I realize that as soon as these things are said, many voices will be raised about how doctrine divides, and doctrine is the problem, and we just need to emphasize love and not theology, etc. These are all subjective comments from individuals’ past bad experience. The Scriptures themselves speak favorably about the role of doctrine and the apostolic commands to maintain it. Any expression of love that requires the diminishing or downplaying of doctrine and a commitment to Apostolic Truth is not genuine love from God, regardless of how wonderful it may feel. By doctrine I do not mean monolithic agreement to every nuance of Scripture, or the dead cerebral presentation of propositional truths. I mean a commitment to, reverence for, and the primacy of the disciplined study and presentation of Scripture and a relationship with Him who is the Truth. The Scripture is not an end in itself. The Scriptures are the revealer of Christ and point the way to have relationship with God and humanity through Him.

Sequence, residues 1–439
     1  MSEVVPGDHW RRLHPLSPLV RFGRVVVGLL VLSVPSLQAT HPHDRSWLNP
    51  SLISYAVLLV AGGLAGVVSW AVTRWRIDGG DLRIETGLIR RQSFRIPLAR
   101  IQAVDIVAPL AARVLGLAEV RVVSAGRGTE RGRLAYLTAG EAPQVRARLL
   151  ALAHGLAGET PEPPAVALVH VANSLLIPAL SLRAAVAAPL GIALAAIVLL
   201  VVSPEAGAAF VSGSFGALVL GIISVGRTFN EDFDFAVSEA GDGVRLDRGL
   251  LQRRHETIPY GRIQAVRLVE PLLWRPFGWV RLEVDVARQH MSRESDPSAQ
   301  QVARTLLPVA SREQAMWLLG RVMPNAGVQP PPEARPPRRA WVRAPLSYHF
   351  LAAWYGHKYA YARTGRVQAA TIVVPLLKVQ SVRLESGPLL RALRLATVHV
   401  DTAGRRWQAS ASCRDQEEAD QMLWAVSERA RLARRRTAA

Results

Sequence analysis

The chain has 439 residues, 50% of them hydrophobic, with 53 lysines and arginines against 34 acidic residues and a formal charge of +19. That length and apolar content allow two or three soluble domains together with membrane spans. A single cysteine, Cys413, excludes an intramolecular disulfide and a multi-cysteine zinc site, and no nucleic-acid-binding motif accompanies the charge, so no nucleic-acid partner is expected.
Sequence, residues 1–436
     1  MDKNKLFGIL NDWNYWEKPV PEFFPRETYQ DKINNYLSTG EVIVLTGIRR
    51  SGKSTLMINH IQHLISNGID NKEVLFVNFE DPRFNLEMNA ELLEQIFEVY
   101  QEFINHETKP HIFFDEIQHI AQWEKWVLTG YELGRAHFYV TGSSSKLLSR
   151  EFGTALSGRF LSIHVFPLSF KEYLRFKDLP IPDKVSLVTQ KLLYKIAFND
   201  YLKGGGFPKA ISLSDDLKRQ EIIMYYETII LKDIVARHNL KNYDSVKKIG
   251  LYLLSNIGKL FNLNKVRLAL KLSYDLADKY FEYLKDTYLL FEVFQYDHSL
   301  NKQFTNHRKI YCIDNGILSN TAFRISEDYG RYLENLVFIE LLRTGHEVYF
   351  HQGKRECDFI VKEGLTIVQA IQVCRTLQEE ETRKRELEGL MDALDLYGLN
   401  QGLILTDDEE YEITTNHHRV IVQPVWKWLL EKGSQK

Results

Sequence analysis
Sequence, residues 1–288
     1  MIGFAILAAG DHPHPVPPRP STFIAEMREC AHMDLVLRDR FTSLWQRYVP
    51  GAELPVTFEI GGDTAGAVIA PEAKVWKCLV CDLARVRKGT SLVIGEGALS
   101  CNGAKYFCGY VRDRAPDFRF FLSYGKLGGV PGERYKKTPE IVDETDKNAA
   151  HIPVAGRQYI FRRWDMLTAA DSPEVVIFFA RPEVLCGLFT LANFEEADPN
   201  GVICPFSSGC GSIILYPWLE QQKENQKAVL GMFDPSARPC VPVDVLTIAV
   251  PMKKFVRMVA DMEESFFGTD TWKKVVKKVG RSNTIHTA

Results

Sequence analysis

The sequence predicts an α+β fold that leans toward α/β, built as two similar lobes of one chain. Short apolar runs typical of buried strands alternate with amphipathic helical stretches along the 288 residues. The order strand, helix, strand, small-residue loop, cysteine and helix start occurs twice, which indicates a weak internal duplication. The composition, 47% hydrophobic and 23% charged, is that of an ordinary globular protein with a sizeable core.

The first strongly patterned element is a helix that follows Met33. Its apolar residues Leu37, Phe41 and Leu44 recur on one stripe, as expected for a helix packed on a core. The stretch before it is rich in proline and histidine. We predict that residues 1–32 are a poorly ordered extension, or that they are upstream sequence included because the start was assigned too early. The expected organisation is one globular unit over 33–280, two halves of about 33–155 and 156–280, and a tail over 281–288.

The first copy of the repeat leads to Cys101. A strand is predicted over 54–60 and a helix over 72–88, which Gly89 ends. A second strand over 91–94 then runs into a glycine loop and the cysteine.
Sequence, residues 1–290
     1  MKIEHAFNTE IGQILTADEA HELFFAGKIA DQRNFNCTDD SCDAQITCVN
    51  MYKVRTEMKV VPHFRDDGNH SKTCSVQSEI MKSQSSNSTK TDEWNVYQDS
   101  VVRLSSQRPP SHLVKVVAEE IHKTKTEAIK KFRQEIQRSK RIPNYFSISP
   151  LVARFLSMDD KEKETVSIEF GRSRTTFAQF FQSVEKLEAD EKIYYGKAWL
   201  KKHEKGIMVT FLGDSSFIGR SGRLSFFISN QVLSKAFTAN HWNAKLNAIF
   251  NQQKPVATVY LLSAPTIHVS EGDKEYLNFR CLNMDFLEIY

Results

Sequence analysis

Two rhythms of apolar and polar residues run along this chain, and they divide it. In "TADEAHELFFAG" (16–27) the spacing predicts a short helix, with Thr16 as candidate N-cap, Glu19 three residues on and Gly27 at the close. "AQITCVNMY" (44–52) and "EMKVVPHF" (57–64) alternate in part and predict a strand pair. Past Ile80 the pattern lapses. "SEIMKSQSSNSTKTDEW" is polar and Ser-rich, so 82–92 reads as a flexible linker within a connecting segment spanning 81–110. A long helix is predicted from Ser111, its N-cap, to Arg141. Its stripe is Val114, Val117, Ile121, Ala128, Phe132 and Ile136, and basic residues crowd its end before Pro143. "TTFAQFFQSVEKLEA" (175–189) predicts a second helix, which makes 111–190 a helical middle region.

I am aware how threatening this article could be to many who are currently enjoying a wonderful and legitimate season of being renewed in the love of God. To them, it might sound like I am trying to take them back to some abusive experience and faulty understanding of God in their past.  I accept that many will misconstrue what I have said. However, I believe I have accurately presented the Scriptural record. We either believe the Scriptures are unique, or we do not. If we don’t, well, the floodgates are open and nothing I say herein matters anyway.

I’m very concerned for unhealthy trends I see emerging across a broad spectrum of the body of Christ regarding the love of God.  Danger is lurking. Let’s not ruin something divinely prescribed for good with undisciplined attitudes toward Scripture and our own culturally influenced ideas about the nature of God’s love.


[i] Rev. 5:6.

[ii] John 17:21-23 for example.

[iii] John 1:14

[iv] Matt. 16: 23, John 8:44, Matt. 23:33, Luke 24: 25 KJV: “fools” – Gr. idiotes – English – idiots! – those who are morally and intellectually deficient and responsible for their condition. There are many other examples.